Heart Conditions — Demystified

By Edeline Anne Goh

Medical jargon can be hard on the ears if you’re not a health professional. This is true no matter which aspect of medicine is up for discussion but let’s look at one of the most prevalent conditions around — health problems related to the heart.

Let’s say your doctor tells you you’ve had a Transient Ischemic Attack. What in the world does that mean? You go out for lunch with your best friend and he informs you that he has been diagnosed with cardiomyopathy. What is he talking about?

We’re determined to help clear the confusion so here’s a list of some of the more common heart conditions — demystified.

Angina Pectoris

Chest pains caused by restricted blood flow to an area of the heart, impairing oxygen delivery and are usually symptomatic of coronary artery disease.


Irregular rhythm of heartbeats that may occur alongside pre-existing underlying conditions as well as in healthy individuals.


Hardening and narrowing of the arteries due to the formation of plaque on the wall lining. Plaque is a fatty cholesterol deposit that obstructs blood flow. It releases substances that make the lining sticky and susceptible to rupture, which causes heart attacks.

Atrial Fibrillation

A form of cardiac arrhythmia, which causes the upper chambers of the heart (atria) to contract abnormally. This creates an irregular and rapid heart rate that affects blood flow.


Progressive heart muscle disease where the heart becomes enlarged or thickened and can result in heart failure.

Congenital Heart Defects

Problems with the heart structure that are present at birth and which affect normal blood flow.

Congestive Heart Failure

Also known as heart failure, where the heart’s pumping power is weakened and its capacity to deliver adequate amounts of oxygen to the body is greatly reduced.

Coronary Artery Disease (CAD)

The hallmark of CAD is atherosclerosis. CAD results from the buildup of plaque in blood vessels that restrict blood flow to the heart.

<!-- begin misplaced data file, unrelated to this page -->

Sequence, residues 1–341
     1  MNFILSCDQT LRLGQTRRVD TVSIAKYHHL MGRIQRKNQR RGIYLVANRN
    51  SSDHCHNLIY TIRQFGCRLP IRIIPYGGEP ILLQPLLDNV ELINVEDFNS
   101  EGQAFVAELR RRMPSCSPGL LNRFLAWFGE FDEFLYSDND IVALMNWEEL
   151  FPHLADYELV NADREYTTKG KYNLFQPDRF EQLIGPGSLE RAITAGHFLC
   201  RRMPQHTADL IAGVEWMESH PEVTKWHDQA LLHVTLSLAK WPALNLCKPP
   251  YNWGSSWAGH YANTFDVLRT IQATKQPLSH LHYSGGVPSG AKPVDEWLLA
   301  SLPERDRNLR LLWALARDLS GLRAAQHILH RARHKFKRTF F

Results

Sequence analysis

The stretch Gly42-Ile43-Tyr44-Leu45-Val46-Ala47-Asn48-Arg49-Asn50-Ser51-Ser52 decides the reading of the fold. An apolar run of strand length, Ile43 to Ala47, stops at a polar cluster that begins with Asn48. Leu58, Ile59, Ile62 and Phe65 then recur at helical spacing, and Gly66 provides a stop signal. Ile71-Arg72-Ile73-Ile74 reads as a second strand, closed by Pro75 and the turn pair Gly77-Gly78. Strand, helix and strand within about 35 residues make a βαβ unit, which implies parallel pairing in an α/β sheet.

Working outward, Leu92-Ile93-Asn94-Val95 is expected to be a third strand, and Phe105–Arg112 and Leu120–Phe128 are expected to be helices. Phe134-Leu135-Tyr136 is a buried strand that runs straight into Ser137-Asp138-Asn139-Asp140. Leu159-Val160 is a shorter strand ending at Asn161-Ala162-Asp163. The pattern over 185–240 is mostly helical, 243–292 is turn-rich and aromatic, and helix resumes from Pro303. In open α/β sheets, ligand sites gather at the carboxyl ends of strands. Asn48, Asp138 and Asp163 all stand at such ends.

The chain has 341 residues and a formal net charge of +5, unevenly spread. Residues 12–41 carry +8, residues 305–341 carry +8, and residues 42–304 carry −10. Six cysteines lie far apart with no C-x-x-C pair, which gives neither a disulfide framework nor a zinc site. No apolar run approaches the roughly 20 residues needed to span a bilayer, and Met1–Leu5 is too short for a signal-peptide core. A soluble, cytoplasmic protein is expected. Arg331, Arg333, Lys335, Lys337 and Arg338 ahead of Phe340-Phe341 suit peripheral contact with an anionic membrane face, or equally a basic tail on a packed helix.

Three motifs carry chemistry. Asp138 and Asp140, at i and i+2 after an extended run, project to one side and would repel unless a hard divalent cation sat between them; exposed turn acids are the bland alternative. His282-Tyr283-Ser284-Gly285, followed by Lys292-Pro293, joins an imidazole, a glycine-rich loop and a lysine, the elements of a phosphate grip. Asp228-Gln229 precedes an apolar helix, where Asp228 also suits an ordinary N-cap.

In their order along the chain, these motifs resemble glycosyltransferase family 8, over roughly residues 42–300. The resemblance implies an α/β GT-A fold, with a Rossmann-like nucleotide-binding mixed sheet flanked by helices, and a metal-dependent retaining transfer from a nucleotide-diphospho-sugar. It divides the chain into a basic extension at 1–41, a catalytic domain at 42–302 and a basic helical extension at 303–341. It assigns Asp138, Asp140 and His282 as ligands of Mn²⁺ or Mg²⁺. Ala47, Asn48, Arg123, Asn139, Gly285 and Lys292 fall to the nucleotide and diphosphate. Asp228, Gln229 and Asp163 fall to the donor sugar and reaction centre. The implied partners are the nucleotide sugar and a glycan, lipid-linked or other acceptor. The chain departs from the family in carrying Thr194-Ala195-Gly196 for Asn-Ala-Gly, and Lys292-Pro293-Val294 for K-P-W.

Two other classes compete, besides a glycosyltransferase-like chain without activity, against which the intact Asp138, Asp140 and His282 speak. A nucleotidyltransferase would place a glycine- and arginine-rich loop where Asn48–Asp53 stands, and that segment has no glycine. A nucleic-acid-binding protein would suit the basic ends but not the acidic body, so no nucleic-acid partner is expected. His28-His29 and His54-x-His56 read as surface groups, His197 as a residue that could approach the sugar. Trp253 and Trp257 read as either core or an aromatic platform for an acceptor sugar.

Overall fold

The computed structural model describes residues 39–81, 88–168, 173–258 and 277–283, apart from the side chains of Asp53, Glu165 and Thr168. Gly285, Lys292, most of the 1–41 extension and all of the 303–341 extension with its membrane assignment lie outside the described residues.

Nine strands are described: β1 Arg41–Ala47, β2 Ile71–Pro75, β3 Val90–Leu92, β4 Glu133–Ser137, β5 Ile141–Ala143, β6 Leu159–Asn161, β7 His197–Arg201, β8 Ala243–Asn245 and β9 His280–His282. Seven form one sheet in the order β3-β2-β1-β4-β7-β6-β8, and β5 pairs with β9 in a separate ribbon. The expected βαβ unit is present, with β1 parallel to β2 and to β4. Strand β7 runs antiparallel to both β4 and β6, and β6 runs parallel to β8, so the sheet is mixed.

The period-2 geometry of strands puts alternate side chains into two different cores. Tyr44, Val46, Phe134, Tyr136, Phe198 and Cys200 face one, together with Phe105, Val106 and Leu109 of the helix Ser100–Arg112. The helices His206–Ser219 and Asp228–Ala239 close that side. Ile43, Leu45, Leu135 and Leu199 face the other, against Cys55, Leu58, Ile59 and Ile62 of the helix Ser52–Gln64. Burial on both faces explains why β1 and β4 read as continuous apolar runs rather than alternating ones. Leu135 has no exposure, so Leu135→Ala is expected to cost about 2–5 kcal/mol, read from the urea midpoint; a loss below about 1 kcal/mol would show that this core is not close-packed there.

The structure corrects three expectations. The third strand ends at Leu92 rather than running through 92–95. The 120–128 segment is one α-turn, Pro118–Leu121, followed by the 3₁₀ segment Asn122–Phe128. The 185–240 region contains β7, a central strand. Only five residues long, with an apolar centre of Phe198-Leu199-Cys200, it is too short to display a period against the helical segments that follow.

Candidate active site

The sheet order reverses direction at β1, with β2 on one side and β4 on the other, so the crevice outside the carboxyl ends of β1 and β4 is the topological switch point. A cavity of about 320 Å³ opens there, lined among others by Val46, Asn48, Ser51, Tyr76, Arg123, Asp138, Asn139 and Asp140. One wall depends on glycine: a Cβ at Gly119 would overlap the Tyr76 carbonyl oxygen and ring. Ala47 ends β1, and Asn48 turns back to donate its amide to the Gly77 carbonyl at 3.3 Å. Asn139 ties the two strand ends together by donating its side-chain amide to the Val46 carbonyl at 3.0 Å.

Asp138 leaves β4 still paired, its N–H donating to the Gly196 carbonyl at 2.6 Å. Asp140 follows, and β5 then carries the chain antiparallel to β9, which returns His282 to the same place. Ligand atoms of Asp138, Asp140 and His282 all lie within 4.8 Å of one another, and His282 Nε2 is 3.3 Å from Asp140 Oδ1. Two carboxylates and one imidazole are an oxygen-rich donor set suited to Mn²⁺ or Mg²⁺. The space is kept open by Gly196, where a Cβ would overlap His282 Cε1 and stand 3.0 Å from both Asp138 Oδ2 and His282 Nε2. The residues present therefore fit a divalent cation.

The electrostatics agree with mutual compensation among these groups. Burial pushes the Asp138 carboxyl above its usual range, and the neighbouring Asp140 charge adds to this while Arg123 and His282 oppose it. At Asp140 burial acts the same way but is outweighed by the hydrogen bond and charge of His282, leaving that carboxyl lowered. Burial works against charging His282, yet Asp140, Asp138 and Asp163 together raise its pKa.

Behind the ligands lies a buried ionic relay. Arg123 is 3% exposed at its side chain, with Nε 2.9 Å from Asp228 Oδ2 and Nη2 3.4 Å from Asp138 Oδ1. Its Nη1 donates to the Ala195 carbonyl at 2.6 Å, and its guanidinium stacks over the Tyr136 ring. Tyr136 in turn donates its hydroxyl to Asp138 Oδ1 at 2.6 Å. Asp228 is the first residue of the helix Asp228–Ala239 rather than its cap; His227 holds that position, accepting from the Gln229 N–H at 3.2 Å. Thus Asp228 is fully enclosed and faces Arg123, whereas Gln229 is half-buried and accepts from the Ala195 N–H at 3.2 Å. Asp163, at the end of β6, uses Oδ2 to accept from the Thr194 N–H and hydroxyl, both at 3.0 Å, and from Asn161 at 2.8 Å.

Inflammation of heart valves caused by bacterial growth. People with heart valve diseases or those who have undergone heart-related surgical procedures are susceptible to this condition.

Heart Block

A type of arrhythmia. It delays or blocks electrical conduction (the system which controls heart rates) from the sinus node to ventricles.

Heart Murmurs

Abnormal heart sounds that can be heard during a heartbeat. There are two forms of heart murmurs. There are innocent murmurs, which are simply sounds made by blood flowing through the heart and not caused by a heart problem. Abnormal heart murmurs can indicate that there is a congenital heart defect especially if it is detected among children.


Also known as high blood pressure. It is caused by chronic, elevated blood pressure in the arteries which increases the workload on the heart.

Myocardial Infarction (MI)

Commonly known as a heart attack, this condition happens when there is a blockage of oxygen-rich blood supply from the coronary arteries and causes permanent damage to heart muscles.


Interruption of blood supply to the brain can result in an ischemic stroke or cerebral hemorrhage. Ischemic strokes result from the blockage of critical blood supply by a blood clot. Cerebral hemorrhage may occur due to the rupture of a brain aneurysm (a balloon-like bulge in the wall of a blood vessel).

Sudden Cardiac Arrest (SCA)

An abrupt stop of heart rhythms that cease blood flow to vital organs. SCA can cause death in minutes.

Transient Ischemic Attack

Also known as a mini-stroke, which results in a temporary disruption of blood supply to the brain.

Ventricular Tachycardia

Rapid heart rhythm in the lower compartments or ventricles of the heart, which prevents total filling of the chamber with blood


Heart Diagram Example

heart a to z

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